By Jake Ebdale
Artist: The Crimson ProjeKCt
Date / Venue: Tuesday June 24th, The Studio, Auckland
So I've finally witnessed the Crimson ProjeKCt. In all honesty, this wasn't the most anticipated of shows on the 2014 calendar, but after nearly three hours of face melting, receding-hairline tech rock theatrics, I walked away deaf, a bit nerdier, and importantly, very impressed. This ProjeKct, the latest in a long list ofKing Crimson spin off groups, draws mainly off the Discipline/Beat-era Crimson material, which was by far the most groovy, commercial incarnation of the legendary prog rock band. Whilst being a challenge on the ears at times, it was also bloody good fun.
The experience of a three hour show comprising of six members split into two collectives - yep, the press release seemed pretentious as all hot hell. That was before I walked into to the venue, a packed Studio, with one of the weirdest, smelliest, yet jovial crowds I've ever been part of, which peaked out to late Crimson number ‘THRAK'. The legendary pairing of Adrian Belew and Tony Levin made this all worthwhile, and they never missed a beat - both have played on some of my favourite projects, Belew in particular (Stop Making Sense, Scary Monsters and a frequent Zappa collaborator).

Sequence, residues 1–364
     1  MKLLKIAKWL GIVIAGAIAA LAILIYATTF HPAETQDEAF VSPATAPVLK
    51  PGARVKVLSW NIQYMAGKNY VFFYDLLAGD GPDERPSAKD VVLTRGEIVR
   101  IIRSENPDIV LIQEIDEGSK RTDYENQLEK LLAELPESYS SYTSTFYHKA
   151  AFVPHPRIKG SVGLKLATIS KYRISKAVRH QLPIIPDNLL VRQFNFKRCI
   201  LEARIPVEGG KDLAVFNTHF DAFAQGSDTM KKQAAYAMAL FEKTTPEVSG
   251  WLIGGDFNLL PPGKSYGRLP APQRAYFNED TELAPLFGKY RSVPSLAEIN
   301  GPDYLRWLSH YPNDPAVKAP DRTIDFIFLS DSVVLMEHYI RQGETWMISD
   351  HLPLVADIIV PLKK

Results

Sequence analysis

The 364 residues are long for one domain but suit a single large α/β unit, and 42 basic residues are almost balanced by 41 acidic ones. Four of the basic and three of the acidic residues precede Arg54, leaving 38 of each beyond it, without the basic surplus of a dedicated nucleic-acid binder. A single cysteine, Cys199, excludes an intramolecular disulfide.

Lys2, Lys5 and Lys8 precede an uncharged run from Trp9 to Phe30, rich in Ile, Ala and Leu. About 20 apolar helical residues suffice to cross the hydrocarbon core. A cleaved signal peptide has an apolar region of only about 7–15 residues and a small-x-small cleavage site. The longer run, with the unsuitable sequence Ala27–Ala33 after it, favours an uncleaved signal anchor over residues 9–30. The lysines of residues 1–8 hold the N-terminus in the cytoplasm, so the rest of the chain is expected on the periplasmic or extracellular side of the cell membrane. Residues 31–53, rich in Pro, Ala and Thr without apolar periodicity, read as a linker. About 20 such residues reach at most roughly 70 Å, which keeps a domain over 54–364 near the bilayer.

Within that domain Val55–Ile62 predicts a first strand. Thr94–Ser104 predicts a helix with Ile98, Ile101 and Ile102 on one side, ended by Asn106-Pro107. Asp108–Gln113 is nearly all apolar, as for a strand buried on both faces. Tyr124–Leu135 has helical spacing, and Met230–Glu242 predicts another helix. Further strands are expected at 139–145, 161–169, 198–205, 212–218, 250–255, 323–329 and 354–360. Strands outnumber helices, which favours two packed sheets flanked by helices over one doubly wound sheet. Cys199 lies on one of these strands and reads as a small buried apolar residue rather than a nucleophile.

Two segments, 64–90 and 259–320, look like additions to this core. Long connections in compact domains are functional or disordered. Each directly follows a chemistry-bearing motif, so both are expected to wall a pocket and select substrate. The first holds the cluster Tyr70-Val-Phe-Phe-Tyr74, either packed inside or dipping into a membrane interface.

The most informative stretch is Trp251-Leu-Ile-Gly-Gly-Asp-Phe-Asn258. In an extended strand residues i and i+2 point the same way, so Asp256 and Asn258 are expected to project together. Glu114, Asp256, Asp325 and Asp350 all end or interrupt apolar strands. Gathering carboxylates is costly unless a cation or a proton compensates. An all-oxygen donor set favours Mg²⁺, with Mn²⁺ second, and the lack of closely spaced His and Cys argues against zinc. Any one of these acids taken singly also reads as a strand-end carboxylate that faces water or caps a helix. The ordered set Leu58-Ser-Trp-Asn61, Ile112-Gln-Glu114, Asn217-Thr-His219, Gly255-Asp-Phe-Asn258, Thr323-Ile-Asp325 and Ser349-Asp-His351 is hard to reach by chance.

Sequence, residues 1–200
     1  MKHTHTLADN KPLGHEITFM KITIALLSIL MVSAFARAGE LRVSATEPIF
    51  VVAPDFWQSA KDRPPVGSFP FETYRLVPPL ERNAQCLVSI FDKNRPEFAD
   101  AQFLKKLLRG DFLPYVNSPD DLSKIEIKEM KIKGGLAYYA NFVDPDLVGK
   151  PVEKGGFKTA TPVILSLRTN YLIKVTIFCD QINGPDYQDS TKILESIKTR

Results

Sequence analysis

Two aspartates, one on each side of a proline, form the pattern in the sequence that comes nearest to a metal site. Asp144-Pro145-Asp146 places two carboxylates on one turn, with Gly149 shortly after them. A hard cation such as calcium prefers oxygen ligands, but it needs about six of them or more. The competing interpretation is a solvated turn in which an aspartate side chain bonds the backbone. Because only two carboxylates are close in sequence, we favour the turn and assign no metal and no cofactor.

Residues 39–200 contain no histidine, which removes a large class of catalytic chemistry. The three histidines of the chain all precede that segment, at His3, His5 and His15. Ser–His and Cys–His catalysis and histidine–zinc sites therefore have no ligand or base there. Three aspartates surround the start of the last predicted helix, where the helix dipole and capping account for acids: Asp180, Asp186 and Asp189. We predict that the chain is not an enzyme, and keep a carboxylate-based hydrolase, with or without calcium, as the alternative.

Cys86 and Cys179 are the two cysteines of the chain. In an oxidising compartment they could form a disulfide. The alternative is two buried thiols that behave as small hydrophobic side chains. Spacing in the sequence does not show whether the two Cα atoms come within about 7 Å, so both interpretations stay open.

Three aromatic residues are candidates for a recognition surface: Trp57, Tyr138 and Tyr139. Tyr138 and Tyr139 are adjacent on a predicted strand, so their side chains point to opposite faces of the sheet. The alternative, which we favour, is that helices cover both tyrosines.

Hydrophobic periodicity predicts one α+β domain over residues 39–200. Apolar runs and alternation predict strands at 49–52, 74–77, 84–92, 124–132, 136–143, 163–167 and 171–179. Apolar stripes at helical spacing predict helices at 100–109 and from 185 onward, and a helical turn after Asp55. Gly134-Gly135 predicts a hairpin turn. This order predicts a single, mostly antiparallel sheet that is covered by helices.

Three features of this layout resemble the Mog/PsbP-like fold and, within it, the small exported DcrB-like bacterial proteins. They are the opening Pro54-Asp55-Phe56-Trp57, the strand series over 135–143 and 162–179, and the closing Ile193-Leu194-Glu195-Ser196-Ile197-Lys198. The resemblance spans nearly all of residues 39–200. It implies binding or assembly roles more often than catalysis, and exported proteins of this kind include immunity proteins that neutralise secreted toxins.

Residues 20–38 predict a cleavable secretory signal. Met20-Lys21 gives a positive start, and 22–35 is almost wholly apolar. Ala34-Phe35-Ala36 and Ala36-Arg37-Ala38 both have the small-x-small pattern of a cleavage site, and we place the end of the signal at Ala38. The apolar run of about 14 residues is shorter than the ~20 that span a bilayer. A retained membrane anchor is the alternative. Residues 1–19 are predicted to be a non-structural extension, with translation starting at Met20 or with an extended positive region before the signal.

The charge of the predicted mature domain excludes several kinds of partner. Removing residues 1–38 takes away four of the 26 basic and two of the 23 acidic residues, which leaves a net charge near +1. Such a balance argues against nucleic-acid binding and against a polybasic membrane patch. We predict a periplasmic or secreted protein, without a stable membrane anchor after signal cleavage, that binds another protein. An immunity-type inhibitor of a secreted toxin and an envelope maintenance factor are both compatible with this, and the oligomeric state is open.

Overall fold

Acting as unofficial frontman, Belew was a force to behold - age was not a factor, his voice in stellar condition - especially on ‘Three of a Perfect Pair' and the late set ‘Indiscipline', which offered all six players, including twin drummers, Levin on his signature Chapman Stick (which looks like a souped up fence post with two rubber bands around it) and what looked like someone's daughter on bass (she was a beast on ‘dem strings). One of the drummers even double-delayed the sultry sounds of a shrinking balloon and rubber chicken. The players genuinely seemed into the performance; though absolutely ridiculous at times, this was an amazing show with a wink. ‘Red' was mindblowing.
Look - I'm not the biggest fan to start off with, give me ‘In the Court of the Crimson King' any day. But these were world class musicians being appreciated for what they do best. A closing ‘Thela Hun Ginjeet' closed the deal, proving the band really were pioneers at, well, whatever they did. A full formed reunion would surely take the prog world by storm - your move, Fripp.